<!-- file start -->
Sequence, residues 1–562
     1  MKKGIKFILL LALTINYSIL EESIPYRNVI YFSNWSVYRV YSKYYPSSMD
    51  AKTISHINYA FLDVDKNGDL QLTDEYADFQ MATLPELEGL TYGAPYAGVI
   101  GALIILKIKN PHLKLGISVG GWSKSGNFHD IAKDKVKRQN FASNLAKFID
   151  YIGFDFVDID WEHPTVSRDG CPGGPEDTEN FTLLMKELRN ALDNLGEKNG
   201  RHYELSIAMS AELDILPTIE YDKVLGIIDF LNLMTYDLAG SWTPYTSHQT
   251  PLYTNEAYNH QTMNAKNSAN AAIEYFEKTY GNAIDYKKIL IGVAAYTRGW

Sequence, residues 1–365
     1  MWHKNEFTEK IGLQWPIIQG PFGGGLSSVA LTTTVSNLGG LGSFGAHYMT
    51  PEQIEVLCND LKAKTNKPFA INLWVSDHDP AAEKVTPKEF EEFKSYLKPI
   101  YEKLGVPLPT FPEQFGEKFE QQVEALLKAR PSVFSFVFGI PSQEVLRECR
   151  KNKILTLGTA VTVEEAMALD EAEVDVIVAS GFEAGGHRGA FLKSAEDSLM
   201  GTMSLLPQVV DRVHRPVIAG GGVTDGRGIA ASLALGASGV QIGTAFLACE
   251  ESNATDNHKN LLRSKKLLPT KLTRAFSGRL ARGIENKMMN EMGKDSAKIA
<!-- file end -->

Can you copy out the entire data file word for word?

Sequence, residues 1–562
     1  MKKGIKFILL LALTINYSIL EESIPYRNVI YFSNWSVYRV YSKYYPSSMD
    51  AKTISHINYA FLDVDKNGDL QLTDEYADFQ MATLPELEGL TYGAPYAGVI
   101  GALIILKIKN PHLKLGISVG GWSKSGNFHD IAKDKVKRQN FASNLAKFID
   151  YIGFDFVDID WEHPTVSRDG CPGGPEDTEN FTLLMKELRN ALDNLGEKNG
   201  RHYELSIAMS AELDILPTIE YDKVLGIIDF LNLMTYDLAG SWTPYTSHQT
   251  PLYTNEAYNH QTMNAKNSAN AAIEYFEKTY GNAIDYKKIL IGVAAYTRGW

Sequence, residues 1–365
     1  MWHKNEFTEK IGLQWPIIQG PFGGGLSSVA LTTTVSNLGG LGSFGAHYMT
    51  PEQIEVLCND LKAKTNKPFA INLWVSDHDP AAEKVTPKEF EEFKSYLKPI
   101  YEKLGVPLPT FPEQFGEKFE QQVEALLKAR PSVFSFVFGI PSQEVLRECR
   151  KNKILTLGTA VTVEEAMALD EAEVDVIVAS GFEAGGHRGA FLKSAEDSLM
   201  GTMSLLPQVV DRVHRPVIAG GGVTDGRGIA ASLALGASGV QIGTAFLACE
   251  ESNATDNHKN LLRSKKLLPT KLTRAFSGRL ARGIENKMMN EMGKDSAKIA